So The Doctor, unless they look the same, and want to be the same, you don't want them here ?...amazing, the same could be said of Kiwi's living in Asia, we have to be like them, be their friends, change who we are ? But the big question about your boldest statement is, why does it favour asians, one of the minorities in terms of immigration compared to the likes of the Poms and Australians who come here ?

Lets just make it clear - I love Asians - they are great citizens - I just think they make up too high a proportion of migrants. I have no criticism of them congregating together but I do have a concern that they create there own internal economies rather than with most other western migrants who buy and live locally

Also lets make it clear no other country in the world would let such high concentrations of migrants as we are with Asians - the Asians certainly wouldn't allow us to migrate there in such numbers and also to buy property so easily - ie like by absent migrants who just acquire residency and live back in Asia while we educate their families and look after the health of their parents - while they pay tax in their home jurisdictions

You cant say that is not the case here in NZ at present

The housing crisis is due to supply problems. If Cunnliffe really wants to be constructive he would get Labour to support the RMA changes and persuade Brown, the other Labour councillors and socialist planners to get building underway.

We should be rightly suspicious of those denigrating "populism" - as above.

What populism is, is the will of the people - a basic, commo sense wariness of antidemocratic moves - such as prioritising Asian immigrants, including now largely Chinese fleeing from the anti-corruption drives in China.

We should stop pretending that they can't buy us out of our own country - they can, and they are.

Much smarter countries like Canada and Australia, are now restricting the flow of Communist Chinese immigrants - the largest exodus in Chinese history. And it's growing.

But National, now being regarded as the party with the smell of money in its nostrils, is determined to take no action at all. Why?

Immigration, swamping a majority culture, is now highly problematic worldwide. For example, the UK today faces a huge problem as its unrealistic open border policy has seen house prices rise by £10,000 in the months between April 6 and May this year - that is nationwide!

In London, prices have risen a staggering £80,000 this past month -check out the daily Telegraph.

UKIP is speaking for Britons ignored by the Tories - just as National, John Key, Nick Smith and the usual inner circle of Cabinet are determinedly posturing that it isn't happening here.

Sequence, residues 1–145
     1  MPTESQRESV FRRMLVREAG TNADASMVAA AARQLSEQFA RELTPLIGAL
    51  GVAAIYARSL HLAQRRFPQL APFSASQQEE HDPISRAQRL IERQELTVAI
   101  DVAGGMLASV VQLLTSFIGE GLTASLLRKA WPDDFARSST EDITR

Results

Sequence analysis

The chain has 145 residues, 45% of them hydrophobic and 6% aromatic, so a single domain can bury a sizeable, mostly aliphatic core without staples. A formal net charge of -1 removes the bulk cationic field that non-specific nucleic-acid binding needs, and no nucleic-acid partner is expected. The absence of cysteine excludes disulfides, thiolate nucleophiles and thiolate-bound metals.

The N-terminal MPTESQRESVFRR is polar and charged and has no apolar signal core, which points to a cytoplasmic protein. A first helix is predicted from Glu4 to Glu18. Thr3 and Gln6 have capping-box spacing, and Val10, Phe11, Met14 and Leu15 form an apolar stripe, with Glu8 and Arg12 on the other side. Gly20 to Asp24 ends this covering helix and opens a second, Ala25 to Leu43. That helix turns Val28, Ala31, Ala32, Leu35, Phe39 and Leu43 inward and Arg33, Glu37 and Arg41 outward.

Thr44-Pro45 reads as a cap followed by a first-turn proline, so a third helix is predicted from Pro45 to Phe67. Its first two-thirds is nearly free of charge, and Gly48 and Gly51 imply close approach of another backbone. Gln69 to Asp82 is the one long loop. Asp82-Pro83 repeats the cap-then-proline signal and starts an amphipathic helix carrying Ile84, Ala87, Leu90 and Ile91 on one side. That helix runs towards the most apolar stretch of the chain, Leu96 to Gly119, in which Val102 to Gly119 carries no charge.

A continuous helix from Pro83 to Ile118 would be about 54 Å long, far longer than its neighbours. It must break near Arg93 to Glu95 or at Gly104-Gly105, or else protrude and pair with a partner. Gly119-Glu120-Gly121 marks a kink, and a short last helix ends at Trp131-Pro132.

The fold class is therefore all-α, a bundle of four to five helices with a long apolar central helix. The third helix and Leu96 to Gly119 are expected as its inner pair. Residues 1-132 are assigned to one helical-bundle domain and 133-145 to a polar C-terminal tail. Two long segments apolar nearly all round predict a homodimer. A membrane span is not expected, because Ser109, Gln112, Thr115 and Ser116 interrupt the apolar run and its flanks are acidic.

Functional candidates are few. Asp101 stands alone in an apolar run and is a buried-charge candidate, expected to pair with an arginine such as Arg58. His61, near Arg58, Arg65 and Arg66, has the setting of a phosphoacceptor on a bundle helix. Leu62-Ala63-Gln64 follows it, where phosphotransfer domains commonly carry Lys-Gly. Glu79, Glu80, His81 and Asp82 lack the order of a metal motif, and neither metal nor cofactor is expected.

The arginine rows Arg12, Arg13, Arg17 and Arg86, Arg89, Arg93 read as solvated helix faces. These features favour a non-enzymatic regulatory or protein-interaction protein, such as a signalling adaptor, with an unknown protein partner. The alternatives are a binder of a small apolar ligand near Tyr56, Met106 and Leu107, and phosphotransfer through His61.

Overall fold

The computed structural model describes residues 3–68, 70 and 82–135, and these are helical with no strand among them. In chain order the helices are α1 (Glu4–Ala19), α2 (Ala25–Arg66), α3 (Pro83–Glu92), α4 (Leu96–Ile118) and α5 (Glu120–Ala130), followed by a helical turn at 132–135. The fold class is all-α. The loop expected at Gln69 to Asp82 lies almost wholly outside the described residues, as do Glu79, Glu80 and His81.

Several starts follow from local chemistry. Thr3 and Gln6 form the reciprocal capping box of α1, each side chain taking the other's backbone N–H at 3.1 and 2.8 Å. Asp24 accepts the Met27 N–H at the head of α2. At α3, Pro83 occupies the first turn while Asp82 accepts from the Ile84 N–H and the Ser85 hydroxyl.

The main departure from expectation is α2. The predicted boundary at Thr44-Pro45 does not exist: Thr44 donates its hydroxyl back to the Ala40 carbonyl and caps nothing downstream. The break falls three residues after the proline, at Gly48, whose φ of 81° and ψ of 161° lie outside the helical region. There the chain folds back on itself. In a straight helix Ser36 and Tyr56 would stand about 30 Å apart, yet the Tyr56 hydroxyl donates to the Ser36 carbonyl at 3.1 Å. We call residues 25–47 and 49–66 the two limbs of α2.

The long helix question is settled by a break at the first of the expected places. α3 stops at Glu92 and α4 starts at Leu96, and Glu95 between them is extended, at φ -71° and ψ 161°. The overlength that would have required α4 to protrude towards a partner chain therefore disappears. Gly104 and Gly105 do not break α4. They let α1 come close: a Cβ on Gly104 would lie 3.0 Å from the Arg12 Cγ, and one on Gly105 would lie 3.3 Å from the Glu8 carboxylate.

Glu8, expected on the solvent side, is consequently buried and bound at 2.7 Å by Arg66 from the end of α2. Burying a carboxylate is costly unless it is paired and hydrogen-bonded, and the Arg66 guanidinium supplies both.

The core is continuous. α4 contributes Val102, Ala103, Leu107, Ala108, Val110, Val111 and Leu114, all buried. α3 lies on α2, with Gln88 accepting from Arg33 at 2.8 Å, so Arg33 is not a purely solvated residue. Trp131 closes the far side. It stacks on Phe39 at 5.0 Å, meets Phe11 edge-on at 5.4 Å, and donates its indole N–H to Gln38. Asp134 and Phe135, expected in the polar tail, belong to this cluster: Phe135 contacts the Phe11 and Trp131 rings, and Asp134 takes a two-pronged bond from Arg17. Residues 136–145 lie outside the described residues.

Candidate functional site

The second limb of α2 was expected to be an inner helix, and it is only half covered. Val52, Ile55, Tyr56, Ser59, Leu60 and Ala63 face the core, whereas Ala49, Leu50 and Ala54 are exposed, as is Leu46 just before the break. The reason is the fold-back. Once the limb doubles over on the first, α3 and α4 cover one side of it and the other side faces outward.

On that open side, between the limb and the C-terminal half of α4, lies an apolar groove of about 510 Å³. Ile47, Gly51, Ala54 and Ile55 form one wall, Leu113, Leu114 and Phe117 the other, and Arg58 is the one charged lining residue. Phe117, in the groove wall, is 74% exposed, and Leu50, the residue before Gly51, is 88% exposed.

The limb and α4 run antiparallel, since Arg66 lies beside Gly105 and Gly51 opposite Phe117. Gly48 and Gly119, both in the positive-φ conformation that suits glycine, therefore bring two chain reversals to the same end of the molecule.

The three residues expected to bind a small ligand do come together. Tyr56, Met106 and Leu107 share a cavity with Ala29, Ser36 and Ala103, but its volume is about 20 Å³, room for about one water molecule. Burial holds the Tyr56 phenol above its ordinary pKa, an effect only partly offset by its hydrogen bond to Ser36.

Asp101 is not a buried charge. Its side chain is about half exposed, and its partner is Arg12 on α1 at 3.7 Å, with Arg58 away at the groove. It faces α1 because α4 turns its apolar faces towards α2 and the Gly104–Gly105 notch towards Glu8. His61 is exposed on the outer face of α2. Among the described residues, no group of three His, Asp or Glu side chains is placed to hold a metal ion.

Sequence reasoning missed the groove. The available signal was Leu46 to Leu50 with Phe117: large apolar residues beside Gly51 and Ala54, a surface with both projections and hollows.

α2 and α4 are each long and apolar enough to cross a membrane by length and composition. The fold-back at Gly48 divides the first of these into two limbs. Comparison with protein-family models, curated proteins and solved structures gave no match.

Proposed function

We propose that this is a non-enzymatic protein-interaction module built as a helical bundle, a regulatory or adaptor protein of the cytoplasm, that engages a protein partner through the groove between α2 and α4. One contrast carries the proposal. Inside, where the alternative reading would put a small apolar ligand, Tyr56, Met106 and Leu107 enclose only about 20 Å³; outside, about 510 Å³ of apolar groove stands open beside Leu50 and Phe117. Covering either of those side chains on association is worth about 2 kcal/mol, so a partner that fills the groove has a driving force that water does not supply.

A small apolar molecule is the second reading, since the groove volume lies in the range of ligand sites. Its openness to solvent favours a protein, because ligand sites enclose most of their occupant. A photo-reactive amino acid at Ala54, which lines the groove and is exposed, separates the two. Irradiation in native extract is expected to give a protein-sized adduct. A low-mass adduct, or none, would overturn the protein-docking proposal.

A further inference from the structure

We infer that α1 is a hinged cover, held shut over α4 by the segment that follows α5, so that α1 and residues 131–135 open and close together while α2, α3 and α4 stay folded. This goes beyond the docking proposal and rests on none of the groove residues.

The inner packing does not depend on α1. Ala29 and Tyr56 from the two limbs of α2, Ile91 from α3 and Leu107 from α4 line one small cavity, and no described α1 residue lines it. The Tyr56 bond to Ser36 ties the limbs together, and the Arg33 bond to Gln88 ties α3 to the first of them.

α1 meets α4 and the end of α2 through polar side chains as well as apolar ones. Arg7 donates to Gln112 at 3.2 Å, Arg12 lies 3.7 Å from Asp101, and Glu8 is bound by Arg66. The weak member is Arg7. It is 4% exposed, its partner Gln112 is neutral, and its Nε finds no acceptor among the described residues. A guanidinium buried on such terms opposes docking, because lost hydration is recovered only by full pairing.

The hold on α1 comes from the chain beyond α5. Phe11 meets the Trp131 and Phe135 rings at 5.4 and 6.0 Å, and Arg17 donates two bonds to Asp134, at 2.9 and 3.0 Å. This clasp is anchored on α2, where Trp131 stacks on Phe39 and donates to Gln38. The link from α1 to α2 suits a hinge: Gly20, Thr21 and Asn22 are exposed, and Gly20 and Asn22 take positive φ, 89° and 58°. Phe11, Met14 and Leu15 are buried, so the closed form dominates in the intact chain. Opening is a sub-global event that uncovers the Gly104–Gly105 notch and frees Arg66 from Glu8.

But we all know it is. What's so important to John Key that he doesn't want to know ?

It's been left to Winston Peters to speak for New Zealanders now seeing the possibility of home ownership slip between their fingers.

We need a NZ equivalent to the BNP in the UK. Could team up with NZ First.

Having watched Q & A and The Nation this morning, it seems accepted as a "truism" that immigrants will only want to go to the big cities. So it seems to me that our problems are exasperated (inflation, productive rural versus urban planning issues, lagging regional economic growth, returning New Zealanders increasing the lack of needed skills sets etc) and many new issues created (potential geographic and other isolation of cultural immigrant groups in suburban locations and housing types etc).

What worries me about the approach of neo-liberal think groups such as Dr Hartwich's "The New Zealand Initiative" and many current government policies is that nice generalities are used to disguise issues that may well impact on fundamental questions of how we see New Zealand and the lives we want here.

It's so comforting to know that immigration is keeping NZ wages low, so that our best are encouraged to move overseas to get paid their true value. I can't wait until our wages are equivalent to the lowest in the world so that we can really appreciate a diverse NZ. We then wont need a special time for the 40 hour famine as it will be every day life in NZ

Maybe I'm missing something on the basic economics but your article clearly states the obvious.

Let the boat people into NZ to replace the one million skilled graduates and professionals who desert NZ for greener pastures and better societies.